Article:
The Secret Landlord Career Killer
The Secret Career Killer Facing Real Estate InvestorsBy John Nuzzolese
So, you want to be a real estate investor? You are probably thinking the way I did when I started as a real estate investor. I thought the most important objective was to buy as many properties as possible. Well, I still had a lot to learn.
As an investor in residential real estate, being able to purchase properties that will allow you to make money is paramount. While there are various methods you can use to make your real estate fortune, the two most common plans are quite simple.
Buy and flip. This is when you purchase a property and sell it for a higher price. Many investors will find "Handyman Specials" or "Fixer Uppers" at a low price to improve and sell at a higher price. Sometimes you are fortunate enough to find an excellent opportunity requiring little or no work, only to resell for a quick and easy profit. Although this is a common way to make money in real estate, many investors choose not to sell their investment property.
Buy and hold. This is when the real estate investor becomes a landlord in order to enable the investment property to generate income. Holding onto the property is also a way to allow the investment to appreciate in value over time. Why? The demand for residential real estate continues to grow and people are willing to pay top dollar for a place to live. What can be better than that? You have an asset appreciating in value plus you also have a tenant to pay your expenses on the property. You may even have a positive cash flow.
So what is "The Secret Career Killer Facing Real Estate Investors"?
Before I answer that question, let me ask you,
Tenant problems are the one of the biggest reasons, if not, the biggest reason most landlords quit investing in real estate and sell their rental properties way before benefiting from one of the best features of owning real estate: appreciation.
It is just as important to learn the secrets of landlord protection and property management as it is to know how to accumulate rental property. Let me say it another way: Without knowledge of landlord protection, you as a landlord, are in big trouble!
Think about how much money people spend on books, seminars and trial and error learning about buying real estate. It’s incredible! I invested so much money learning creative ways to buy property. How about you? How much have you invested learning to be an efficient landlord? Most landlords learn their lessons the hard way like I did. Fortunately, now there are some books and websites on landlord topics that can shed some light on the subject and allow average landlords and “Newbies” to become educated and aware of their legal rights concerning landlord – tenant relationships.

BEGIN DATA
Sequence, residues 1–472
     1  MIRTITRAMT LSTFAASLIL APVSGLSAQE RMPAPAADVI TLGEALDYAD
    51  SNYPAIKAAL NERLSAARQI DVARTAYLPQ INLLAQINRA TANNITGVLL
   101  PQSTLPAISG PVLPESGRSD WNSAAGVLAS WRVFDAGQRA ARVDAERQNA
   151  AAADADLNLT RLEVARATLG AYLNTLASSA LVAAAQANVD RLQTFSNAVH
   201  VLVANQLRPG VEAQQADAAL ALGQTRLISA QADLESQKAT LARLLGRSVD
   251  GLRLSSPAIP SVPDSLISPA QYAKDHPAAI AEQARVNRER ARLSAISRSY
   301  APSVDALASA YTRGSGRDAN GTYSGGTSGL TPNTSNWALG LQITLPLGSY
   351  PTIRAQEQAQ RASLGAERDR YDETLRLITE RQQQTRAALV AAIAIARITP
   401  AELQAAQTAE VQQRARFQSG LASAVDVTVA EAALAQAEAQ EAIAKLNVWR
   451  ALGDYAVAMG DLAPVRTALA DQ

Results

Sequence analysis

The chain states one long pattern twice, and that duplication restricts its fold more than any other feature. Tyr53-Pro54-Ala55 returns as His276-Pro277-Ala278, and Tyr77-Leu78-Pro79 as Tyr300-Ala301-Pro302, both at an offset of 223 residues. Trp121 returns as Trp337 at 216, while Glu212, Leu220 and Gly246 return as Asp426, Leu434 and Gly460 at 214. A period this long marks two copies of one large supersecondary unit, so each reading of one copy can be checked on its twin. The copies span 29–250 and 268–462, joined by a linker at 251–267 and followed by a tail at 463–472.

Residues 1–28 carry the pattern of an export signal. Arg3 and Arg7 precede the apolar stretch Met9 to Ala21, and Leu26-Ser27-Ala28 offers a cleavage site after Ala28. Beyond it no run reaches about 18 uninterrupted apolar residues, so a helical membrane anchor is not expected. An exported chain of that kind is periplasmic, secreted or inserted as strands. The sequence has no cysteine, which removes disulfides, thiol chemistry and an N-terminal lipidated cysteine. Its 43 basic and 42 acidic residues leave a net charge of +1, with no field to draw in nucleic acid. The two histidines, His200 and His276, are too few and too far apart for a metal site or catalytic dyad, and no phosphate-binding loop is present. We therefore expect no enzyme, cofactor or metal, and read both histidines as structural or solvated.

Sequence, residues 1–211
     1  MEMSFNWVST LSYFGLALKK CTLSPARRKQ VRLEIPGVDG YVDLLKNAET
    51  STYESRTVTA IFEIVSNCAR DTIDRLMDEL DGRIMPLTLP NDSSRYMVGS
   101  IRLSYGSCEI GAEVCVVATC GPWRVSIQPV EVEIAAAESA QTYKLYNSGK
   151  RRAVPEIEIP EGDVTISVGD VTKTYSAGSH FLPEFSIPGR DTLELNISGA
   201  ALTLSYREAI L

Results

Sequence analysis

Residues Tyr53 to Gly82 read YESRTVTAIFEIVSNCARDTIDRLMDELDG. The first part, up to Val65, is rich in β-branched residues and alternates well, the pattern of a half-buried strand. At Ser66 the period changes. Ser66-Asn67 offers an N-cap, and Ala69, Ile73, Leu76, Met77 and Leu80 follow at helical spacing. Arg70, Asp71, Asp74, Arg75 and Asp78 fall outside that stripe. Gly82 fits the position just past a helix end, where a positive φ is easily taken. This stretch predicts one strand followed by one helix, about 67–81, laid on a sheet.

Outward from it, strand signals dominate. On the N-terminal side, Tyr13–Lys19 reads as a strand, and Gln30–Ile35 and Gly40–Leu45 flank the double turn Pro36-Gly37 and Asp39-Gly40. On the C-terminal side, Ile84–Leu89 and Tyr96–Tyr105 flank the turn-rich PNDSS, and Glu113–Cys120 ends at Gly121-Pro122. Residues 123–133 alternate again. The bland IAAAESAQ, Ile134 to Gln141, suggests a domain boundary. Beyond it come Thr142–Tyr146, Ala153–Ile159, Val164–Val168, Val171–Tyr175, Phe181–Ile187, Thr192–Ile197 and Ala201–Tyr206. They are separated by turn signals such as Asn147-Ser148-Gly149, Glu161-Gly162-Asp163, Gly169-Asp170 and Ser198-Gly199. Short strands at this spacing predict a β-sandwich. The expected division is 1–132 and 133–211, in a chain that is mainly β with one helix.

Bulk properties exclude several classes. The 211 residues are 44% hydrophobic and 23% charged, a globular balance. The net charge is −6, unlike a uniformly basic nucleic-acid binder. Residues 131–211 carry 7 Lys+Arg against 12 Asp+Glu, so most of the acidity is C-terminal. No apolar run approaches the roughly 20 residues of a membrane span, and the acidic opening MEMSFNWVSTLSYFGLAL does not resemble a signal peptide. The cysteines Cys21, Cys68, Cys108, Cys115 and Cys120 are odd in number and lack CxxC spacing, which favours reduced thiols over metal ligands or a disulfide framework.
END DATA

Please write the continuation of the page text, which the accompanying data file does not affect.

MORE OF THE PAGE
What good is struggling and sacrificing to own a lot of properties only to bail out because of overwhelming tenant problems?
Get educated in the art of “landlord protection”. Learn how to avoid tenant problems so you can keep buying more investment property.
The three most important landlord issues to learn about for your own protection are:
If you have experienced the unpleasant part of being a landlord which includes loss of rent, possible foreclosure, loss of sleep, confrontations with unreasonable tenants, expensive repairs and restoration, vandalism, theft, squatters, evictions, legal fees, you may have had to consider if it's all worth it or not. Many new new investor / landlords decide quit the landlording business soon after a bad tenant experience.
As a real estate investor who intends to be a landlord and enjoy that excellent long term appreciation, it is absolutely imperative to have some landlording knowledge. I strongly recommend having more landlord tenant knowledge than your tenants do!
Happy investing and landlording!
About the author:
More information on The Landlord Protection Agency is available at www.theLPA.com
Copyright © 2000 - 2018 The Landlord Protection Agency, Inc. All Rights Reserved.Would you like to re-print this article on your website or publication?
Permission is granted to use this Landlord Protection Agency article upon the following terms:
Printer Friendly Version of this Article
Contact The LPA
© 2000-2021 The Landlord Protection Agency, Inc.